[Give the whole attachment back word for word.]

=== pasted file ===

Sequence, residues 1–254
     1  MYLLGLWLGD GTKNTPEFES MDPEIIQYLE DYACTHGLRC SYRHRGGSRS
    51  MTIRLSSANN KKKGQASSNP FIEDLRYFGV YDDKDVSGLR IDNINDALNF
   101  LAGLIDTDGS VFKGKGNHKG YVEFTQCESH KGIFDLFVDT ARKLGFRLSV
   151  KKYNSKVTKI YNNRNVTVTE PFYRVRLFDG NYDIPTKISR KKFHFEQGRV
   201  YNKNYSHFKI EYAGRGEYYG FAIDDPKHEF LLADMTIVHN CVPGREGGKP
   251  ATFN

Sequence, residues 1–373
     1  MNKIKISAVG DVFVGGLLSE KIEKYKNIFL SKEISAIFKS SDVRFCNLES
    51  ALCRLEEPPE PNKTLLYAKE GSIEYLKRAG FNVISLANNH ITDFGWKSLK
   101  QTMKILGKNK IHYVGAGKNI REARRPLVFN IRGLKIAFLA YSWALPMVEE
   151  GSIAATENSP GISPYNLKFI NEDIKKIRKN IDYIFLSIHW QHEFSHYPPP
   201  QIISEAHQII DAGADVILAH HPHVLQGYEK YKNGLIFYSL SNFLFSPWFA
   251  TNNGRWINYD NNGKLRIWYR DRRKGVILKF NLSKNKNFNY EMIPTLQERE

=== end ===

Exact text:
Sequence, residues 1–254
     1  MYLLGLWLGD GTKNTPEFES MDPEIIQYLE DYACTHGLRC SYRHRGGSRS
    51  MTIRLSSANN KKKGQASSNP FIEDLRYFGV YDDKDVSGLR IDNINDALNF
   101  LAGLIDTDGS VFKGKGNHKG YVEFTQCESH KGIFDLFVDT ARKLGFRLSV
   151  KKYNSKVTKI YNNRNVTVTE PFYRVRLFDG NYDIPTKISR KKFHFEQGRV
   201  YNKNYSHFKI EYAGRGEYYG FAIDDPKHEF LLADMTIVHN CVPGREGGKP
   251  ATFN

Sequence, residues 1–373
     1  MNKIKISAVG DVFVGGLLSE KIEKYKNIFL SKEISAIFKS SDVRFCNLES
    51  ALCRLEEPPE PNKTLLYAKE GSIEYLKRAG FNVISLANNH ITDFGWKSLK
   101  QTMKILGKNK IHYVGAGKNI REARRPLVFN IRGLKIAFLA YSWALPMVEE
   151  GSIAATENSP GISPYNLKFI NEDIKKIRKN IDYIFLSIHW QHEFSHYPPP
   201  QIISEAHQII DAGADVILAH HPHVLQGYEK YKNGLIFYSL SNFLFSPWFA
   251  TNNGRWINYD NNGKLRIWYR DRRKGVILKF NLSKNKNFNY EMIPTLQERE